Always allow enough time to ride. Do not rush in and rush out of your riding time with your horse. Sometimes the schooling session may go longer, not end up being anything to do with the lesson you had planned at all. It doesn’t matter. As long as it is a positive result and you overcame something or had one ‘ah ha’ moment (or your horse did), then you are on the right track. Do not over ask either yourself or your horse. If things repeatedly get off track then consult a trainer for help.
Don’t Have a Trainer?
All riders need some help from a ground person and hopefully that person is as educated as possible. They need to know not just movements and tricks, but need to be good at actually teaching. A good trainer never yells. A good trainer is always encouraging of every effort from the horse and/or rider no matter how tiny. A good trainer will have a road map for you and knows exactly where they are taking you on the dressage route and why. Some very advanced clinicians will not take on basic students. In my experience the earlier I can start to work with a rider, the quicker and easier their progression will be as I have a clear understanding of where we are headed and how to reach our destination successfully. A good trainer will have made horses well above the level they are training you and your horse and will treat you both as individuals and address you own quirks and issues not issue a cookie cutter commentary. I love when students finish up a lesson and come and ask me questions afterward. Never be shy to ask a trainer/clinician for a short, medium and long term goal plan for your riding.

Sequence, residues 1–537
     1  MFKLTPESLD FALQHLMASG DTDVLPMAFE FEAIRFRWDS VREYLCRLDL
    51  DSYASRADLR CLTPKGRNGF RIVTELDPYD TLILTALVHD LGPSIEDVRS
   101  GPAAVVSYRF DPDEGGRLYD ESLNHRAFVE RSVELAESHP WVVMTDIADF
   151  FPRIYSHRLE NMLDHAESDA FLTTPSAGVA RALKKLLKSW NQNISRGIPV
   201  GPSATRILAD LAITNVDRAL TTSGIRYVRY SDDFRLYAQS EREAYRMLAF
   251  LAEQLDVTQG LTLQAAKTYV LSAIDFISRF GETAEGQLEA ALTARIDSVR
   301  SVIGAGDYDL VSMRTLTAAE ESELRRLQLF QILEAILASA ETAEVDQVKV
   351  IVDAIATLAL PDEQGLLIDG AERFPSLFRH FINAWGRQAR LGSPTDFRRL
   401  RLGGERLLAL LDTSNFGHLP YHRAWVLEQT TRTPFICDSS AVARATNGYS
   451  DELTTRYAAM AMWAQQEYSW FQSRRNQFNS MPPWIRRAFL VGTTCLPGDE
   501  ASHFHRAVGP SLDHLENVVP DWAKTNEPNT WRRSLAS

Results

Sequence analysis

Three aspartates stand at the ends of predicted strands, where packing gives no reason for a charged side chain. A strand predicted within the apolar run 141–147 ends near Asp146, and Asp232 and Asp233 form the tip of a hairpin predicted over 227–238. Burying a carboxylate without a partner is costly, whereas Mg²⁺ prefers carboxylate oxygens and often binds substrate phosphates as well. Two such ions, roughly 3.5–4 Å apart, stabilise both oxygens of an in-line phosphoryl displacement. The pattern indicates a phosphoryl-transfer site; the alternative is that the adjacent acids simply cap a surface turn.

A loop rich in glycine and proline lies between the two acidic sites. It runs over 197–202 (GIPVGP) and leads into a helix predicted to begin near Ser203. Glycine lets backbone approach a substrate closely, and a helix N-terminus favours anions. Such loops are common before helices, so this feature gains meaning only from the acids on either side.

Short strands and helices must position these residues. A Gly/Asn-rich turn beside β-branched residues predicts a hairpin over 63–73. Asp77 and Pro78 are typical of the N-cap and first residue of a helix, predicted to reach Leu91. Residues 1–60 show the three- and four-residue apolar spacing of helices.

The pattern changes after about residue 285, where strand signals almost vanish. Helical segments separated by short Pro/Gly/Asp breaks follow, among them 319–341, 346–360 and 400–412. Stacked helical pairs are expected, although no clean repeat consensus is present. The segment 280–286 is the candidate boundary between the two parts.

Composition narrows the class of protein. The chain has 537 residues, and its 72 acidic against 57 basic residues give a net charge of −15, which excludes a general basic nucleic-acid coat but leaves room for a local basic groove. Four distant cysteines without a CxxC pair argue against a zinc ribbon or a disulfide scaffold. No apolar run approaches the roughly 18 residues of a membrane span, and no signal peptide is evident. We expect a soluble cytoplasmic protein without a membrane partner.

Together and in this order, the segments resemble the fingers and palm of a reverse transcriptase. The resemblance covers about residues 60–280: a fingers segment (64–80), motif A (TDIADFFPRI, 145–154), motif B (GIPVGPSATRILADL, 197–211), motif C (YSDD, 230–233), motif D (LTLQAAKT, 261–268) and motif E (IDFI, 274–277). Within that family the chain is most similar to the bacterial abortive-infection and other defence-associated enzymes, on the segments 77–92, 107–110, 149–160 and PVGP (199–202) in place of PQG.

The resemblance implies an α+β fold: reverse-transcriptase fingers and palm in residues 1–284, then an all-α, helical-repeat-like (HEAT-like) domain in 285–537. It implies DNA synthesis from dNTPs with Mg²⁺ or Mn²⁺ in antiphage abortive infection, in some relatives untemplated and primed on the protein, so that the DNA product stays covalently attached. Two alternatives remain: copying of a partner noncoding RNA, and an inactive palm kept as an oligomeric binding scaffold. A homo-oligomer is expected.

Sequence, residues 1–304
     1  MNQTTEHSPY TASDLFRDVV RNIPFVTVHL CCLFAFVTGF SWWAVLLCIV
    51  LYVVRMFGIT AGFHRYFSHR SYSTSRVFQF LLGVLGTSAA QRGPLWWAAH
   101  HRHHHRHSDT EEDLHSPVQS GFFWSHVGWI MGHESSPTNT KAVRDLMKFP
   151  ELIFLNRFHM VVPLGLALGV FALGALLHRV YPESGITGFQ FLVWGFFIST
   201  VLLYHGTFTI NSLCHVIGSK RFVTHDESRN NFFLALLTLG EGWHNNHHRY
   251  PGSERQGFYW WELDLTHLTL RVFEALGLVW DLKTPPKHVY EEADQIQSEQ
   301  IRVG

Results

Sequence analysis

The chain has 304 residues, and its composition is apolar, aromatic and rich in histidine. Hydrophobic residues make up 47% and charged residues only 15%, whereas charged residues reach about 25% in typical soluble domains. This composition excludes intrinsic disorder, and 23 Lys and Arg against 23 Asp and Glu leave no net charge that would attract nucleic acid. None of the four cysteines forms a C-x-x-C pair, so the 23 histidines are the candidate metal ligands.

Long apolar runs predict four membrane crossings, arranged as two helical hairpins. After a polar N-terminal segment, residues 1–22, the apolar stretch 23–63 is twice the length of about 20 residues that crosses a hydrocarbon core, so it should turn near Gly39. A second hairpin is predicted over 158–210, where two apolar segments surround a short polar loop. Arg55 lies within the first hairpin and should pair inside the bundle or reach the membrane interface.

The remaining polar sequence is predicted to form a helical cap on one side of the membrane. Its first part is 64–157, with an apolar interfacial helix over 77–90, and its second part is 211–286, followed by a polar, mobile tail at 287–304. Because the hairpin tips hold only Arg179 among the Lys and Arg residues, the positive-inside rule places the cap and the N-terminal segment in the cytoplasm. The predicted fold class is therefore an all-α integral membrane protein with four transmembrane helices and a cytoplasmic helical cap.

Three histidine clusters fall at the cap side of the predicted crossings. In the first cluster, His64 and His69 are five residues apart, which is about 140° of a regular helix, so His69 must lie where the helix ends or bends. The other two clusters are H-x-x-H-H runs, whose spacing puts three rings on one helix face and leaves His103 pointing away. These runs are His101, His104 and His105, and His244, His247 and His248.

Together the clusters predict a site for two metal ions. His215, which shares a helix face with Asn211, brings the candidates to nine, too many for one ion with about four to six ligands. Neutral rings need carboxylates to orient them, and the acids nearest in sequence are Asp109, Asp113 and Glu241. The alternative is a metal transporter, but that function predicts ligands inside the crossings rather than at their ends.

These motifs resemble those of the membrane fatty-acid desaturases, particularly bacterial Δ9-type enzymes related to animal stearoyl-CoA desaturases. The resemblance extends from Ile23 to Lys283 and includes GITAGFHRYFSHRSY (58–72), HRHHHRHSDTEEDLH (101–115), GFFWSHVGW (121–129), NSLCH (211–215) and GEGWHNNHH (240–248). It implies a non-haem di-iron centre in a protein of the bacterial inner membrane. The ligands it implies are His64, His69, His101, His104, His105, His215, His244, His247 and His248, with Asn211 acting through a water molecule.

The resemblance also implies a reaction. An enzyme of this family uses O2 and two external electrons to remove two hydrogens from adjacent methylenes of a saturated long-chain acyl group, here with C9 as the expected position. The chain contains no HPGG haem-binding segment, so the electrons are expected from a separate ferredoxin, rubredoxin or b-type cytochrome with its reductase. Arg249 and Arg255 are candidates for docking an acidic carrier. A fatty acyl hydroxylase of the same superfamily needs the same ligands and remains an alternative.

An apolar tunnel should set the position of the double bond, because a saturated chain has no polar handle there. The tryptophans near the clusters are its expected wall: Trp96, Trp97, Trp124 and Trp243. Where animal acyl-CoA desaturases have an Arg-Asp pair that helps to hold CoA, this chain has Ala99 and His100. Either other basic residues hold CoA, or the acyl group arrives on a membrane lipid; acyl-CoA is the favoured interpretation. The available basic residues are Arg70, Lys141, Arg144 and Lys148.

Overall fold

If you truly cannot find/afford a good trainer to work with on a regular basis (regularity is important as it is so easy to get into bad habits alone), then using videos is the best way to self evaluate. Mirrors are fine when you know what you are doing but they can also be distracting.
Education is Key
Educate yourself by watching only good riding on DVDs, download and read books.
When you arrive in front of a trainer/clinician you want to enjoy the best ‘bang for your buck ‘ so know the aids and intent/benefit of the dressage movements you’ll be schooling so that when the trainer suggests one you know what to do in principle. Even if the first few attempts are a blow out, the trainer will be able to explain and help you correct the issues if you already have an understanding of what you are supposed to be doing, when and why.
In conclusion remember to be patient. It is important to be kind, consistent and patient with your horse and indeed with yourself. Time is your friend, not your enemy.
About the author: Nikki Alvin-Smith is an international Grand Prix dressage trainer/clinician who has competed in Europe at the Grand Prix level earning scores of over 72%. Together with her husband Paul, who is also a Grand Prix rider, they operate a private horse breeding/training farm in Stamford, NY.